Double Your KDM (KDE) Login Screens





Double Your KDM (KDE) Login Screens

Set up the graphical login manager KDM to run on two different screens when you boot the computer.

If you run the KDE graphical login manager, KDM, you can set up KDM so that one user can log in from one login screen, and if another user wants to jump in and do some work, he can log in from the second login screen. You're not limited to two login screens, but it takes some good horsepower to run more than two sessions at once.

If your Linux distribution runs KDE by default rather than GNOME, it probably uses the KDM graphical login manager to log in. This likely is true even if you're not actually using KDE as your desktop, simply because distributions that favor KDE also favor KDM.

In this case you need to locate the configuration files for KDM to make the changes necessary to enable multiple simultaneous desktop users. The KDM configuration files are located in the same place as your kdmrc file. To locate this file, log in as root and type this command:

# locate kdmrc

/etc/kde3/kdm/kdmrc

In this case, the output tells you that kdmrc, and thus the KDM configuration files, are located in /etc/kde3/kdm. Change to this directory (or whatever directory your Linux distribution uses) and edit the Xservers file.

Your distribution might include support for more than one graphical login manager, in which case it might have more than one Xservers file; one for each alternative such as XDM or GDM. Make sure you are editing the Xservers file in the directory for the KDM graphical boot manager.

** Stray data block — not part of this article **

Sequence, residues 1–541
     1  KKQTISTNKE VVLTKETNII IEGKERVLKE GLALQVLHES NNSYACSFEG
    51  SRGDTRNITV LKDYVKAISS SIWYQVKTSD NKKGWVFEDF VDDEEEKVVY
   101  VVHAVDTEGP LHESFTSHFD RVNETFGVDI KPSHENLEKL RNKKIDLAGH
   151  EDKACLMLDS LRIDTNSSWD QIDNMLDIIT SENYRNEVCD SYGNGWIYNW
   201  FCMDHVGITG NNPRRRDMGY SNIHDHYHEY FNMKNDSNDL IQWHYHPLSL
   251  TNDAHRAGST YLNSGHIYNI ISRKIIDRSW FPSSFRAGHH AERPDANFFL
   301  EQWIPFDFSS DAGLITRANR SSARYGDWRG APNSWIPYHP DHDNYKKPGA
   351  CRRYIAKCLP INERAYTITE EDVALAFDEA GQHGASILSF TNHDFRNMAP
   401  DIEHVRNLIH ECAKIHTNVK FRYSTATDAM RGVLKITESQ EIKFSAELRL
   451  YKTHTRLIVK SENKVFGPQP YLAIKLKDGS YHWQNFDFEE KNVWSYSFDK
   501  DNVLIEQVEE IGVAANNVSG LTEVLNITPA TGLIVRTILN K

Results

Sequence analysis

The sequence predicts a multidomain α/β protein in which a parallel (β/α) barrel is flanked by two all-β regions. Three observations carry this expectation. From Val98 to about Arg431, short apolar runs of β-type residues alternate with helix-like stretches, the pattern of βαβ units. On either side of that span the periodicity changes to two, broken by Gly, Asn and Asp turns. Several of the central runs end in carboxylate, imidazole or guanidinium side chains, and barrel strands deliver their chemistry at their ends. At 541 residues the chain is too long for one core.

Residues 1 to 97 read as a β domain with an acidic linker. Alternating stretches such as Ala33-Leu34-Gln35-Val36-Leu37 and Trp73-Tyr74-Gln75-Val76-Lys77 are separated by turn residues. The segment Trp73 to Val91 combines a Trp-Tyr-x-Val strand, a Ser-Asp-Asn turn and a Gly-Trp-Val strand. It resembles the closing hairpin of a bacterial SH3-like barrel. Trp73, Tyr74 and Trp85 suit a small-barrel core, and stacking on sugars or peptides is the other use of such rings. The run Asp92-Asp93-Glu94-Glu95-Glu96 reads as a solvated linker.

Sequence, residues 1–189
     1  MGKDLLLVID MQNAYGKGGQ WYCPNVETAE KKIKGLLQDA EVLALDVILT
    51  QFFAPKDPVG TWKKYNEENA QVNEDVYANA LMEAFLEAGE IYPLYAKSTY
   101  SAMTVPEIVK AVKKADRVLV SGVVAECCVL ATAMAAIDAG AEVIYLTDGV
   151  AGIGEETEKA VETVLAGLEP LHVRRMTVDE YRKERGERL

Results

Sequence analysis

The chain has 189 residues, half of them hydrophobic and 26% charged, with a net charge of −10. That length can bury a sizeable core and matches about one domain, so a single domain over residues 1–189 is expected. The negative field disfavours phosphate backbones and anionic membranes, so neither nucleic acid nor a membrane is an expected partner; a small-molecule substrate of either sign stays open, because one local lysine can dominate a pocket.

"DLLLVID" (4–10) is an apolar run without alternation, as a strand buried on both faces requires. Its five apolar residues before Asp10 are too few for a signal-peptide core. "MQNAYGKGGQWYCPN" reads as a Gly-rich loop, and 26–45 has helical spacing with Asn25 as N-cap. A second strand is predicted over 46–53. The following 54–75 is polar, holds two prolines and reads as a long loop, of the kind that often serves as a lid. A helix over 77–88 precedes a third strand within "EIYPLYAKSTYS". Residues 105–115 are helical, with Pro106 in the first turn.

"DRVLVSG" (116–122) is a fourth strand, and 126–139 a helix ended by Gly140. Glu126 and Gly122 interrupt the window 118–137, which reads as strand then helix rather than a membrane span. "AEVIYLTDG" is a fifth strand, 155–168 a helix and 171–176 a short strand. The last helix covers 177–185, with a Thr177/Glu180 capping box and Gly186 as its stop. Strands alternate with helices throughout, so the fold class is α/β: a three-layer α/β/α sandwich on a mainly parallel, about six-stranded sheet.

You should see something like the following in the Xservers file:

:0 [email protected] /usr/X11R6/bin/X -nolisten tcp
#:1 [email protected] reserve /usr/X11R6/bin/X -nolisten tcp :1
#:2 [email protected] reserve /usr/X11R6/bin/X -nolisten tcp :2
#:3 [email protected] reserve /usr/X11R6/bin/X -nolisten tcp :3
#:4 [email protected] reserve /usr/X11R6/bin/X -nolisten tcp :4

Change the second line in the preceding output so that this section looks like the following:

:0 [email protected] /usr/X11R6/bin/X -nolisten tcp
:1 [email protected] /usr/X11R6/bin/X -nolisten tcp :1
#:2 [email protected] reserve /usr/X11R6/bin/X -nolisten tcp :2
#:3 [email protected] reserve /usr/X11R6/bin/X -nolisten tcp :3
#:4 [email protected] reserve /usr/X11R6/bin/X -nolisten tcp :4

You should remove the # comment mark at the beginning of the second line, and remove the word reserve. Save your changes and exit the editor. That should be all you have to do.

You can make these changes take effect in several ways, but some Linux distributions are stubborn about restarting the login managers. So, the easiest way to enforce the changes is to simply reboot your computer.

Once your system is finished booting, press Ctrl-Alt-F8 to check whether you have two graphical login screens. If you see the same login screen, everything is working as planned. Press Ctrl-Alt-F7 to get back to the default login screen, and proceed to log in and have fun.

If you want to have three graphical login screens, simply edit the Xservers file again and change the third line the same way you changed the second. You can get to the third graphical login screen by pressing Ctrl-Alt-F9. Theoretically, you can have several more graphical login screens. The default keyboard settings provide key combinations that will work for up to 22 consoles, including both text and graphical logins, but Linux distributions rarely enable more than 11 virtual consoles, some as few as nine.


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